What B2C marketing can teach us about the renter's journey

By Chris Arnold
Ebbets Field Flannels Spring 2016 17

A Multifamily Lesson from B2C

After moving to Colorado Springs after a decade and a half in Denver, I wanted to find a unique way to “rep” my new city.

But not in the typical tourist t-shirt kind of way, but with something cool. 😎

Think Tony Sousa cool.

I scoured the Internet for weeks and never landed on anything interesting enough to warrant a purchase.

“Guess my old Subaru would have to do for now…”

One day, I was thinking about a company I love called Ebbets Field Flannels. They’ve got a great selection of USA-made vintage sports memorabilia (hats, jerseys, jackets) that sets off a certain vibe.

The quality is excellent, and I’ve enjoyed my previous interactions with them: great customer service, moderately fast shipping, and high-quality products.

“That’s it!”

So, knowing what I wanted, I visited the website and searched for “Colorado.” I scanned the results, knowing I could filter further.


A few items popped up, and a handful of hats stood out.

Quickly thereafter, I locked my eyes on one hat in particular. I had to have it. But unfortunately, the stars didn’t align: sold out.

The only option was staring me in the face: Enter your email to be notified when this item is available.

So I did just that… and then forgot about it for months.

The Nurture

What happened next instantly made me think about property marketing. Portfolio-level marketing, too.

A full six months later, this email landed in my inbox:

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So simple and yet so effective.

They had me.

You asked us to tell you when Colorado Springs Sky Sox 1953 Vintage Ballcap ADJ would be available to purchase.

We are pleased to tell you it is now available.

Click below to place your order.

What came below this message?

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Whether or not I would buy the exact hat, I was immediately back in their ecosystem.

Do I still want that hat?

Maybe I want something else?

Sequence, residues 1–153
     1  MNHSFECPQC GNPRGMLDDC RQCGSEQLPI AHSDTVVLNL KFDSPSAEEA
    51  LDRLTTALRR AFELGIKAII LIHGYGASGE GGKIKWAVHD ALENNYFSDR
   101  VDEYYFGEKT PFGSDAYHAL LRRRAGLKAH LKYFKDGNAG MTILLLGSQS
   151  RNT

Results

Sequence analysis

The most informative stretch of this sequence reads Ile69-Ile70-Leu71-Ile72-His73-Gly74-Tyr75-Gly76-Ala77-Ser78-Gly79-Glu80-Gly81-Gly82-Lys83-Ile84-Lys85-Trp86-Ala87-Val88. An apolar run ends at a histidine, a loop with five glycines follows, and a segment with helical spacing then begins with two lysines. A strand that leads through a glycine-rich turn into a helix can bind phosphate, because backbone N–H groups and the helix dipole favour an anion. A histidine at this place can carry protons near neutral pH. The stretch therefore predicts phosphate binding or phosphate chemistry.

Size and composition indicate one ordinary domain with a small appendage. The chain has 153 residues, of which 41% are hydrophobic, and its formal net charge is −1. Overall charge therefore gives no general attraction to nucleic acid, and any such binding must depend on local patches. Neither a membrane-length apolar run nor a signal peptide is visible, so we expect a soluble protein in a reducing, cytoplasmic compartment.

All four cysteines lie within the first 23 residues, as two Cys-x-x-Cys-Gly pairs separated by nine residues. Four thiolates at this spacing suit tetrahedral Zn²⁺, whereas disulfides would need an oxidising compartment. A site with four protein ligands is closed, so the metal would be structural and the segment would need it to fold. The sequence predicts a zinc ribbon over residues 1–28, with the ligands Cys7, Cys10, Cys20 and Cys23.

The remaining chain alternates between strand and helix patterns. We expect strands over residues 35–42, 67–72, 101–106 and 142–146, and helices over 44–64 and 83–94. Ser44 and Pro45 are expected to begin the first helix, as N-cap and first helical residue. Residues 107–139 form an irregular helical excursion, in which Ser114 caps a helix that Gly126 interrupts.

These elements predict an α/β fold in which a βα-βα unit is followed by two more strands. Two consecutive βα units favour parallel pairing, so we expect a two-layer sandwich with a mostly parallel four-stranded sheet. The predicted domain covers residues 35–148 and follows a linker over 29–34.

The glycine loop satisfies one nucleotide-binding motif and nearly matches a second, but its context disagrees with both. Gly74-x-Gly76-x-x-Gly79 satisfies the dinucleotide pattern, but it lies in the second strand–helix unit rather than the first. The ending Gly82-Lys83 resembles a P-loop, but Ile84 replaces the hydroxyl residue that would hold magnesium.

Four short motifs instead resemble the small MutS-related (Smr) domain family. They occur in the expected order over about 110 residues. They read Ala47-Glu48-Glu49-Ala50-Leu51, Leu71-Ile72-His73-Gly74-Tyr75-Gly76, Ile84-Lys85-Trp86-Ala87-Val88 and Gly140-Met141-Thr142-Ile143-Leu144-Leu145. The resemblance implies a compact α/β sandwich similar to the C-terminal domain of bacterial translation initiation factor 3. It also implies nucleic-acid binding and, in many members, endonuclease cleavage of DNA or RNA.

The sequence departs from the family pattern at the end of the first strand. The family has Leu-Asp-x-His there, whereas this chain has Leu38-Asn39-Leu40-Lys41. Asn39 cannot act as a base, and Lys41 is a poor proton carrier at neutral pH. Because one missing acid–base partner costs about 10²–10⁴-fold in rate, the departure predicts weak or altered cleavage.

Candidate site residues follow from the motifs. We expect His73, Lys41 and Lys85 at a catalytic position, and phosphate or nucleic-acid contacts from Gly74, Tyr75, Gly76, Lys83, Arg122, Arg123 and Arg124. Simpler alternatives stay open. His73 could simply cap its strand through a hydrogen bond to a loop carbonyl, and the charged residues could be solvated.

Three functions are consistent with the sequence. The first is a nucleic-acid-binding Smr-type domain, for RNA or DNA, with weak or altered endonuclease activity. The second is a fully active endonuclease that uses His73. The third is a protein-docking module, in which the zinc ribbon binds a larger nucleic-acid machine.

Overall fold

As you might imagine, I clicked Buy, confirmed the product, and immediately bought it.

I couldn’t risk it going out of stock again. I finally had my Colorado Springs hat.

Amongst this nurture, there is a big piece to point out.

It’s a rule that most brands fail at completely. And that was, I didn’t get emails every few days.

I received a straightforward email a full half-year later, ensuring that I was made aware that what I was interested in was now available.

Had I been hammered with sales emails soon after my signup, I would have been off the list very quickly.

Important to note.

The Renter Journey

Think about this experience and any related B2C experience you may have had this year, and put it up against our industry.

Where are we making things too complicated?

Where can we plant the seed of desire and build brand loyalty?

In a sea of widgets, apps, APIs, and more, I think back to this example often.

  • I want this hat.
  • I can’t have it, but I can choose to be notified when it’s back.
  • I can be nurtured back to the company.
  • I am given options.
  • I have a clear path to buy.
  • I have another successful brand experience.
  • I received what I paid for, and the customer service was top-tier.
  • I want to talk about this brand to everyone.
  • I am now writing an article mentioning them.

That’s it.

We need to strive for that and do it very well each time.

Yes, I’m oversimplifying things.

But hopefully, it gets to a point: sometimes multifamily is too caught up in the “stuff” when all we need at the core is to nurture the renter and encourage decisive action.

Sometimes, everything else gets in the way.

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